Spain always has to be different. Although the general election on the 28th of April resulted in the “Spanish exception”- one of the few European countries without a far-right party in its parliament- the turnout for Vox has thrown up another peculiarity within the country: of the ten largest capitals in Europe, Madrid is the only one where the far-right has gained a vote share larger than their nationwide average.
Vox achieved 13.86% of the vote in Madrid, while their national average was lower at 10.26% (a 3.6% difference) in the election. The other nine capitals follow an inverse pattern. One of the starkest cases of this disparate voting pattern is in France, where the Front National (now known as Rassemblement National) achieved 21.3% at a national level, while managing only 4.99% in Paris.
What is causing this new “exception”? Political experts attribute it to two factors: the link between Vox’s program and specific characteristics of the electorate in Madrid and also the political idiosyncrasies of the capital.
On the one hand, Santiago Abascal’s party triumphs most in urban areas where it can pick up ex-voters of the Partido Popular (PP) rather than those disenchanted voters who opt to support left-leaning parties. This limits its ability to gain votes in rural areas, unlike its European colleagues. “Vox has more in common with the Front National of Jean-Marie Le Pen than that of Marine Le Pen” explains Pablo Simón, political scientist and lecturer at Carlos III University.
The other determining factor is the larger presence of civil servants and military officers in big cities, especially in Madrid, as well as a larger upper-middle class. Ignacio Molina, a senior researcher at the Elcano Royal Institute, argues that the Spanish electoral system gives rural areas and provinces disproportionate amount of power, influencing the programs of the major parties. Vox’s results in the general election back-up this theory with greater support in large Spanish cities, with the exception of Catalonia and the Basque Country where nationalist groups tend to win.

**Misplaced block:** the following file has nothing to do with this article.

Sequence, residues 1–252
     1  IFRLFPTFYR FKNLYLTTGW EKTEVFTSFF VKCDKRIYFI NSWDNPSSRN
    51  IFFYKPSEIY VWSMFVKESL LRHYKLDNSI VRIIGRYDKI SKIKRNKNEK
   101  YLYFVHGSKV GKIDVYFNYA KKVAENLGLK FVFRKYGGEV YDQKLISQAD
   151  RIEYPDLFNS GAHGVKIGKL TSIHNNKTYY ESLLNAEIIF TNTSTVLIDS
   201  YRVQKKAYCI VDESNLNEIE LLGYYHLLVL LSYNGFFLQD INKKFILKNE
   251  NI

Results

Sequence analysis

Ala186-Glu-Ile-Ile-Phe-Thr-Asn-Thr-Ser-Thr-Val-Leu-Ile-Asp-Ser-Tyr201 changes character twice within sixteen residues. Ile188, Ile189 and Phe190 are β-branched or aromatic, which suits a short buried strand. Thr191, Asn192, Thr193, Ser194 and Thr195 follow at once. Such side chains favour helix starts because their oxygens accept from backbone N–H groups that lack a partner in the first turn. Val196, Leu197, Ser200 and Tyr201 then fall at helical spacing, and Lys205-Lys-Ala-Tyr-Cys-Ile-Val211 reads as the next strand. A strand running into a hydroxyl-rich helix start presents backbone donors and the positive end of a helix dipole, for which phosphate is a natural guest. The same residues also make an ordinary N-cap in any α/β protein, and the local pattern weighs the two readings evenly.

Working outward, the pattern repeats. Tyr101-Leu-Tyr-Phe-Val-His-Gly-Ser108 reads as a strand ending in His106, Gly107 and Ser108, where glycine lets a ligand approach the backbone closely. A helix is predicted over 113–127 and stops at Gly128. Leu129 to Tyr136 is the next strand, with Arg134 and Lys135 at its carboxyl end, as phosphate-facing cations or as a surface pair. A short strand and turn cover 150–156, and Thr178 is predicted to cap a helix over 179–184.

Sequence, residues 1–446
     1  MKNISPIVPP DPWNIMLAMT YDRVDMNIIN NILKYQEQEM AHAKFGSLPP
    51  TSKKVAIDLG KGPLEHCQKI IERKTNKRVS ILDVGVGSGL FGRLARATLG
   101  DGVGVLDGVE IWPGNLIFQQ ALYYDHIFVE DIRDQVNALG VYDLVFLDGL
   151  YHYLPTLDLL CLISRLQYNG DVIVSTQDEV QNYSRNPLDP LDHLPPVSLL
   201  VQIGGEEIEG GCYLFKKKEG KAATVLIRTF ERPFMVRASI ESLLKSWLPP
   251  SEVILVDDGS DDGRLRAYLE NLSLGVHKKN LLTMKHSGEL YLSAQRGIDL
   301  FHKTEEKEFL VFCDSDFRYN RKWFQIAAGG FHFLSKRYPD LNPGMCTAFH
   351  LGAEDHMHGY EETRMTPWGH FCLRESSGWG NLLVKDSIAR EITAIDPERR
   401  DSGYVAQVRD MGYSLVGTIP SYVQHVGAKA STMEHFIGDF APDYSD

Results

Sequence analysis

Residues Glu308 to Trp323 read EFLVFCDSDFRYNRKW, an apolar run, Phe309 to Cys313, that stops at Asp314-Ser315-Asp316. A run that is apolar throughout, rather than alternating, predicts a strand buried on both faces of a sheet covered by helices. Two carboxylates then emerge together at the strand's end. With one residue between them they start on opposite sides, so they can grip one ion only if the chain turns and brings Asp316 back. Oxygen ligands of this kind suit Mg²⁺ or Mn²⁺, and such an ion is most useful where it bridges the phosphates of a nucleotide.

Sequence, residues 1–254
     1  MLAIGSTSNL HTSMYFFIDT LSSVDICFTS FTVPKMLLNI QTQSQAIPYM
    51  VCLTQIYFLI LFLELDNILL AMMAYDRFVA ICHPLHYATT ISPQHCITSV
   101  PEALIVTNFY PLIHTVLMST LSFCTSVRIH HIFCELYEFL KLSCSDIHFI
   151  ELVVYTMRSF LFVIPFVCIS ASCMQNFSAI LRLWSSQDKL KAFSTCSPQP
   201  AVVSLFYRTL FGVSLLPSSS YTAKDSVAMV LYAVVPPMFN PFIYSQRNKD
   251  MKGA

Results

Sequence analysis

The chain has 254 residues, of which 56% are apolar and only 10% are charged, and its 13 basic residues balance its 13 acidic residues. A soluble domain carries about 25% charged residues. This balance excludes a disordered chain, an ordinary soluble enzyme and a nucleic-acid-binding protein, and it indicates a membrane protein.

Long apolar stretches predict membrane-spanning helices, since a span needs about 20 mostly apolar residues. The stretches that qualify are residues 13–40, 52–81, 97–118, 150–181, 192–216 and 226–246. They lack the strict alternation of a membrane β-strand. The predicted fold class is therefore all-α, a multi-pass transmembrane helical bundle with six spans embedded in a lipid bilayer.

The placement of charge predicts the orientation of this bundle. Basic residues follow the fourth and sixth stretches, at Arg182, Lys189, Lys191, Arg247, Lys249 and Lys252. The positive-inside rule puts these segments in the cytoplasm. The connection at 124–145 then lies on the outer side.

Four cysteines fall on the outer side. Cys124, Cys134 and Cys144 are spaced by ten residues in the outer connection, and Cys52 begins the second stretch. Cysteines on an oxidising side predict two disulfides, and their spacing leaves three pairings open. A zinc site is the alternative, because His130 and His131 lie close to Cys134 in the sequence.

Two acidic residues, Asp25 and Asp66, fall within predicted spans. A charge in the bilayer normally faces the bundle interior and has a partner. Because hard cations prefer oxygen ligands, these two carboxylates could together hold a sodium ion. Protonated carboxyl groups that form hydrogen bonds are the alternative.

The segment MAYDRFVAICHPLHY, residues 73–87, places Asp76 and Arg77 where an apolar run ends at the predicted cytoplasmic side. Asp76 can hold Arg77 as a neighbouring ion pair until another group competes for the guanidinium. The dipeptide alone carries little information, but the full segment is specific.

The far-right in capital cities
The difference between far-right vote percentages in each nation and their corresponding capitals
Source: electoral results. El Confidencial
United Kingdom – London
In 2016, the United Kingdom voted in favour of leaving the European Union, which was the main objective of the United Kingdom Independence Party (UKIP). Nigel Farage, their most charismatic leader, left the party. With his departure, UKIP was almost totally wiped out in the 2017 general election. Nevertheless, the UK has followed the disparity in vote share between the rest of the country and London.
In 2015, UKIP gained 12.6% of the vote in the nationwide poll though only received 8.1% in London (4.5% less). Not even Nigel Farage, who has made a comeback with his successful Brexit Party, could win a seat in the House of Commons in 2015, as a result of Britain’s first-past-the-post electoral system.
Germany – Berlin
In Germany, the difference is less stark. While the xenophobic Alternative for Germany (AfD) won 12.6% of the national vote in 2017, it gained 12% in the Berlin (0.6% less). This election result meant that AfD became the first far-right party since the end of the Second World War to take up seats in the Bundestag.
Italy – Rome
Salvini’s League party, after